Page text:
Simulating and optimising turbulence in stellarators.

Speaker: Josefine Proll (Science and Technology of Nuclear Fusion, TU/e)
Time: May 24, 2018, 10:00–11:00
Location: Differ, Alexander-zaal

Stellarators, the twisted siblings of the axisymmetric fusion experiments called tokamaks, have historically suffered from confining the heat of the plasma insufficiently compared with tokamaks and were therefore considered to be less promising candidates for a fusion reactor.

This has changed, however, with the advent of stellarators in which the laminar transport is reduced by shaping the magnetic field accordingly. As in tokamaks, the turbulent transport remains as the now dominant transport channel. In this talk I want to present the state of the art of modelling turbulence in the - rather complicated - geometry of stellarator plasmas. I will discuss the challenges that need to be overcome - from the choice of coordinates to the limitations in the simulation domain and why we need to learn more about turbulence saturation before quasi-linear models, which are so successfully used for tokamaks, can be applied to stellarators. In the long run, optimising the next generation of fusion devices also for reduced turbulent transport would be the holy grail. I will briefly outline how the STELLOPT code used for the optimisation approaches the multiple-variable optimisation, what has been achieved so far in terms of reducing turbulence, and what is still missing.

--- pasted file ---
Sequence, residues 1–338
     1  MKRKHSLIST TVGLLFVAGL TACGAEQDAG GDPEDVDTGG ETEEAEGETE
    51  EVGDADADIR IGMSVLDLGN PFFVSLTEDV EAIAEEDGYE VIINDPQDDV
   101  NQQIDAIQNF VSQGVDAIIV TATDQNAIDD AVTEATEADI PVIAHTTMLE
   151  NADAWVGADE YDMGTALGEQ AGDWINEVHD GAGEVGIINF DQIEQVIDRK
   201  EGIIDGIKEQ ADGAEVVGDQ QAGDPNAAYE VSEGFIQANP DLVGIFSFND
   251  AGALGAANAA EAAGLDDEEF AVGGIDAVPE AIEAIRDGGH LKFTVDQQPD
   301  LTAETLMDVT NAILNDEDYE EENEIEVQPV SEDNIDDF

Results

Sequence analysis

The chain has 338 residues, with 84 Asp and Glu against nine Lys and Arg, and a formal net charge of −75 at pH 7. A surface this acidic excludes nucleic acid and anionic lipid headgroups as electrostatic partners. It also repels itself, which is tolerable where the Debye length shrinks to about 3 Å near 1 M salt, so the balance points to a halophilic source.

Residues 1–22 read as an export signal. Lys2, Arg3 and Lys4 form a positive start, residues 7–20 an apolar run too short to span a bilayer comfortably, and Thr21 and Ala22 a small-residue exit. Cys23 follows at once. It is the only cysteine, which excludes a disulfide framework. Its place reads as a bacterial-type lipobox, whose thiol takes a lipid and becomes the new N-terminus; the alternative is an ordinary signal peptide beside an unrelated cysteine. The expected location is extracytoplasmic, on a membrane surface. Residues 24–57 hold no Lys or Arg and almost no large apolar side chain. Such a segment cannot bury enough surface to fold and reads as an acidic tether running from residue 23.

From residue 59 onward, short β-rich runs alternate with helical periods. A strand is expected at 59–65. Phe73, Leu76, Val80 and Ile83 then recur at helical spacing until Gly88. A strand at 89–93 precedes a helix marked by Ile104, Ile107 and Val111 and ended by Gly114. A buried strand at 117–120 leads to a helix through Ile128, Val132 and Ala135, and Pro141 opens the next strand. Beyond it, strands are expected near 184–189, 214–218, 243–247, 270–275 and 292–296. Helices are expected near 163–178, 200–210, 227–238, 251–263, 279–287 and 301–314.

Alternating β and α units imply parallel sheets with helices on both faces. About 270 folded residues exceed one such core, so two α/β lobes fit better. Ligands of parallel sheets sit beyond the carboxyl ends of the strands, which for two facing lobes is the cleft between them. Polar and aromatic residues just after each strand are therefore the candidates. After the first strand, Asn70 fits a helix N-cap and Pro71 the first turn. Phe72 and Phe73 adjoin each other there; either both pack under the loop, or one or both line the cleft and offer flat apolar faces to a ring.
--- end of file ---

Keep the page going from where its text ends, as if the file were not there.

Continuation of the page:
The CCER seminars are aimed at researchers interested in computational approaches to (energy) research. The seminar is small-scale, typically 15 participants, and interactive, offering lots of room for discussion. If you'd like to attend, just This email address is being protected from spambots. You need JavaScript enabled to view it. .